Objectives SLE displays large clinical heterogeneity that beyond genetic factors may be determined by environmental exposures. In this Danish nationwide study, we aimed to determine if clinical subsets of SLE were associated with smoking history.
Methods At each of six participating centres, incident or prevalent inpatients and outpatients with SLE were consecutively included. Manifestations forming the basis of SLE classification were registered in an electronic chart system. Patients also provided questionnaire-based data on environmental exposures, including smoking history. Hierarchical cluster analysis was conducted to determine and characterise subsets of patients with similar traits of disease manifestations. Levels of smoking exposure by pack-years were correlated to the identified SLE subsets, as well as discrete SLE manifestations.
Results The cohort consisted of 485 patients (88% women and 92% Caucasian) with SLE of which 51% were ever smokers. Common disease manifestations comprised non-erosive arthritis (81%), malar rash (57%), lymphopenia (55%), photosensitivity (50%) and persistent proteinuria (41%). We identified three distinct phenotypic clusters characterised by their preponderance of (A) neurological, serosal and mucosal involvement; (B) renal, haematological and immunological disorders; and (C) acute and chronic skin manifestations. Cluster B was the youngest and had the lowest level of smoking exposure. Age-adjusted regression analyses showed that compared with never smokers a smoking history of >20 pack-years was associated with neurological disorder (OR=3.16), discoid rash (OR=2.22), photosensitivity (OR=2.19) and inversely with haematological disorder (OR=0.40), renal disorder (OR=0.40) and non-erosive arthritis (OR=0.45), p<0.05 for all.
Conclusions Our findings support that SLE presents in varying clinical phenotypes and suggest that they may have differentiated associations with smoking history.
- systemic lupus erythematosus
- autoimmune diseases
- lupus nephritis
Data availability statement
Deidentified participant data are available from the corresponding author upon reasonable request.
This is an open access article distributed in accordance with the Creative Commons Attribution Non Commercial (CC BY-NC 4.0) license, which permits others to distribute, remix, adapt, build upon this work non-commercially, and license their derivative works on different terms, provided the original work is properly cited, appropriate credit is given, any changes made indicated, and the use is non-commercial. See: http://creativecommons.org/licenses/by-nc/4.0/.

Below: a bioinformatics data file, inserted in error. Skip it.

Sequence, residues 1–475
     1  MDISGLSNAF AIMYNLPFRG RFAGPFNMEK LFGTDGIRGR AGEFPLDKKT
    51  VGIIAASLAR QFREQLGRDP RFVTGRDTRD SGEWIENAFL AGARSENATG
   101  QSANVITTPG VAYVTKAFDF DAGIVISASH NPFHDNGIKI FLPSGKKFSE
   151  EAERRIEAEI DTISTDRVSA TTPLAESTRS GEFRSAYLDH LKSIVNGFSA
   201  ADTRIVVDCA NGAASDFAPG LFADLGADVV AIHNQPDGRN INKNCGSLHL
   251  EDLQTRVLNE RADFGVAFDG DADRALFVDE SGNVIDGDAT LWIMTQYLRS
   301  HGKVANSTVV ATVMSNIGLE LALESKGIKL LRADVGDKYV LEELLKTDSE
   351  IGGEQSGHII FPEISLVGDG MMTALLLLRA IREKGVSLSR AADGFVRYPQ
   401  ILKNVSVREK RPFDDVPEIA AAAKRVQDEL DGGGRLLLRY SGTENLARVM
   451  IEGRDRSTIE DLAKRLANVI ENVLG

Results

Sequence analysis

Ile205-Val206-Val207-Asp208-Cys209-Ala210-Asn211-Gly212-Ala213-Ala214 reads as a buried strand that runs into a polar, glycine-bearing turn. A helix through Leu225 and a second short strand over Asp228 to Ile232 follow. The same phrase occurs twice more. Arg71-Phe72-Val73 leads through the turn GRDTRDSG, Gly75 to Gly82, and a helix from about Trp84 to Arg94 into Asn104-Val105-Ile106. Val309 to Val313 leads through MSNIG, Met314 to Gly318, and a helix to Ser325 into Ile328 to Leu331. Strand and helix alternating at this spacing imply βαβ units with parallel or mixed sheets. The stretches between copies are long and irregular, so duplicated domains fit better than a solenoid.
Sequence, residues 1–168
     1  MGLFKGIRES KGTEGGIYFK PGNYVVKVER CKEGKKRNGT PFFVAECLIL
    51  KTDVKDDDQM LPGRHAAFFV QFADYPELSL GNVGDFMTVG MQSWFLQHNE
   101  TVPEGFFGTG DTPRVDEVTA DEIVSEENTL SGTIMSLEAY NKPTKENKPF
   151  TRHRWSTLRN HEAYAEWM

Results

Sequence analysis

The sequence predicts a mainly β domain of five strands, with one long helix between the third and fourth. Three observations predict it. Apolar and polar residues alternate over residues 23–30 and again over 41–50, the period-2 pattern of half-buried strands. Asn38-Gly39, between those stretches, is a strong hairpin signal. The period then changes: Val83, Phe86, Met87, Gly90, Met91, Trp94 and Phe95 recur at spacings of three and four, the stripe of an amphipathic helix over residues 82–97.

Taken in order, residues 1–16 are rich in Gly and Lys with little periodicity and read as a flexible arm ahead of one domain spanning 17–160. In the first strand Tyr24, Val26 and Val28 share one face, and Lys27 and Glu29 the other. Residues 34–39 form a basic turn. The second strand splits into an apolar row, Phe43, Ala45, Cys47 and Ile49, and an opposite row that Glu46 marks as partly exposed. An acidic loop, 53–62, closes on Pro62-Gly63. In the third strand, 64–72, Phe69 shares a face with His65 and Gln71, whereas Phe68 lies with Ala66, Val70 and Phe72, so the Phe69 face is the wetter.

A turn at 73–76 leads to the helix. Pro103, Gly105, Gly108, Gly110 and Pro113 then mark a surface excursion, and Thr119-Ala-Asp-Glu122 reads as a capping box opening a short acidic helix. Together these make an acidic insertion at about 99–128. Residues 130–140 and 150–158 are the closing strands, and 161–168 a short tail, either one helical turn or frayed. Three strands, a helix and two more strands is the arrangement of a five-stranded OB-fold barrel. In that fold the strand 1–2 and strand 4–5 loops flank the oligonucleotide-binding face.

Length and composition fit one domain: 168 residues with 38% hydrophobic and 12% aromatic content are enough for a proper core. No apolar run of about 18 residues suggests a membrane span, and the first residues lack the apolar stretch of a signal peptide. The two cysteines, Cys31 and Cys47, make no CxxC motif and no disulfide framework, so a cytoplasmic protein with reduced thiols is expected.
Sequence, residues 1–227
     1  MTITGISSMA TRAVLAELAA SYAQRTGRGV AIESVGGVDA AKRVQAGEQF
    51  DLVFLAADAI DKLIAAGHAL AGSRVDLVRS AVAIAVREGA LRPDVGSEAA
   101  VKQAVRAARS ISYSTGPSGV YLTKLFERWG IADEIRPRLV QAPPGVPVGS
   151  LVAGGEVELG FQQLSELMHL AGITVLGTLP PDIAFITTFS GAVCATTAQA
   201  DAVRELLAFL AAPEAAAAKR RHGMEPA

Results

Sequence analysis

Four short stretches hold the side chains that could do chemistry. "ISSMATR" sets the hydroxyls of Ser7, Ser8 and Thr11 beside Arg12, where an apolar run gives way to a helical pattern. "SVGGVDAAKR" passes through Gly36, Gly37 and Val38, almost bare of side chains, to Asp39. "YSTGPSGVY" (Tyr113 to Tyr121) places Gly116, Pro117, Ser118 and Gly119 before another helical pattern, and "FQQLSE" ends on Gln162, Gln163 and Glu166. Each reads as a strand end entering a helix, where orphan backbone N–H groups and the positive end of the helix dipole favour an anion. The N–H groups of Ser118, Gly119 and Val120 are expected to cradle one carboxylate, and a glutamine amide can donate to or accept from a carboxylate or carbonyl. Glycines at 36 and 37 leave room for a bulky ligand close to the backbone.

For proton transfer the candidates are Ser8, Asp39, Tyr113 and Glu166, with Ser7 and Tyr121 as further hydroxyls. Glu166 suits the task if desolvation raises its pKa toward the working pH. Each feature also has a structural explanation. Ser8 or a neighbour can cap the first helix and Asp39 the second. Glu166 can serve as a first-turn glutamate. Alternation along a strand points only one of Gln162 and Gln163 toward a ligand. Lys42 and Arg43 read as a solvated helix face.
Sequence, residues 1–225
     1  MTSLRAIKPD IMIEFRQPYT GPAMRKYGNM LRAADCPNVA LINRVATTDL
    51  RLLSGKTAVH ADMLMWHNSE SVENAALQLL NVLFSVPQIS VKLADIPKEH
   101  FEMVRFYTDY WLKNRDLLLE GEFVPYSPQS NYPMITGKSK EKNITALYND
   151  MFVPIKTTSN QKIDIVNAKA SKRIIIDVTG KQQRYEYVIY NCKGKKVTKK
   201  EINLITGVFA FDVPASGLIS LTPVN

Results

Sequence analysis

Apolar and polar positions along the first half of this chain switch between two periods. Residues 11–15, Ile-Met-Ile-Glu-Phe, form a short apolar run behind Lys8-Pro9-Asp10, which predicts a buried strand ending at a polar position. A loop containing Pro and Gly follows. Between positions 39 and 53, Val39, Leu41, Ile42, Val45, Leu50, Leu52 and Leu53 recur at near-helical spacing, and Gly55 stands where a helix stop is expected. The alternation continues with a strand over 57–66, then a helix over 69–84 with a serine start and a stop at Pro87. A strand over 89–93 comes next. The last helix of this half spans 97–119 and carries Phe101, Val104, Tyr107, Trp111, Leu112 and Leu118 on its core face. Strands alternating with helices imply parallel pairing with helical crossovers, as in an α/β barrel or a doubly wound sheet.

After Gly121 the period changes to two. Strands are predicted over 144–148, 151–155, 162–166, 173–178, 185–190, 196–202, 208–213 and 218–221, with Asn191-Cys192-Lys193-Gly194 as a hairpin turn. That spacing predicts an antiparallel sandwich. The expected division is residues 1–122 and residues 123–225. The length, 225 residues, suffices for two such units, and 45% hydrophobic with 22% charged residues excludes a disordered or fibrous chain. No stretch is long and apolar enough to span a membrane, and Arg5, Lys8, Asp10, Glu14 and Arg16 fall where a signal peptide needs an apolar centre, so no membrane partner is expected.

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What is already known about this subject?
SLE displays large clinical and serological heterogeneity.
Smoking is generally acknowledged to be a risk factor for SLE.
What does this study add?
The identification of three distinct phenotypic clusters of patients with SLE, characterised by preponderance of neurological, renal and skin involvement, respectively.
Smoking was found to be differentially associated with these phenotypic clusters.
How might this impact on clinical practice or future developments?
Future ascertainment of risk factors in SLE should also address the clinical heterogeneity of SLE.
SLE is a systemic inflammatory autoimmune disease characterised by a broad spectrum of clinical and serological manifestations.1–3 This is reflected by the currently accepted delineation of SLE,4 but also by SLE having a complex and multifactorial aetiology.1 Although several genetic and environmental risk factors for SLE have been identified, they cannot explain the full risk of SLE.5 6 It is well accepted that SLE phenotypically can be divided into more homogenous subsets by cluster analyses that partition cases into clusters, which may then be linked to, for example, disease severity or treatment.7–9 Consequently, investigating clustering of patients, and association with environmental risk factors might lead to a better understanding of the sources of SLE heterogeneity.10 11 Indeed, few studies have investigated the role of environmental factors such as smoking in relation to SLE expression. Scrutinising the heterogeneity of SLE and defining distinct environmental risk factors for SLE expression is imperative for understanding the course of SLE and improving disease prevention, management and intervention strategies.12
Epidemiological studies have shown that current smoking and smoking more than 10 pack-years are associated with an increased risk of SLE, which persists for up to 5 years after smoking cessation. In addition, smoking more than 20 pack-years doubles the risk of SLE among current smokers.13 Possible explanations for the association between smoking and increased risk of SLE include modifying neutrophil extracellular traps and expression of inflammatory response-related genes.14 Studies of patients with SLE investigating the effects of smoking on pathognomonic clinical features have found associations between smoking and the presence of anti-double stranded DNA (anti-dsDNA), as well as anti-Smith, anti-Ro and anti-La antibodies. Studies investigating the relationship between smoking and SLE phenotypes have suggested that smoking may be associated with cutaneous manifestations of SLE, such as photosensitivity and other active skin manifestations.11 15
Based on data collected in a setting of a collaborative, large-scale, nationwide study of genetics and environmental exposures in Danish patients with SLE, we want to determine whether subsets of patients or specific disease manifestations are associated with history of smoking.
Study population and design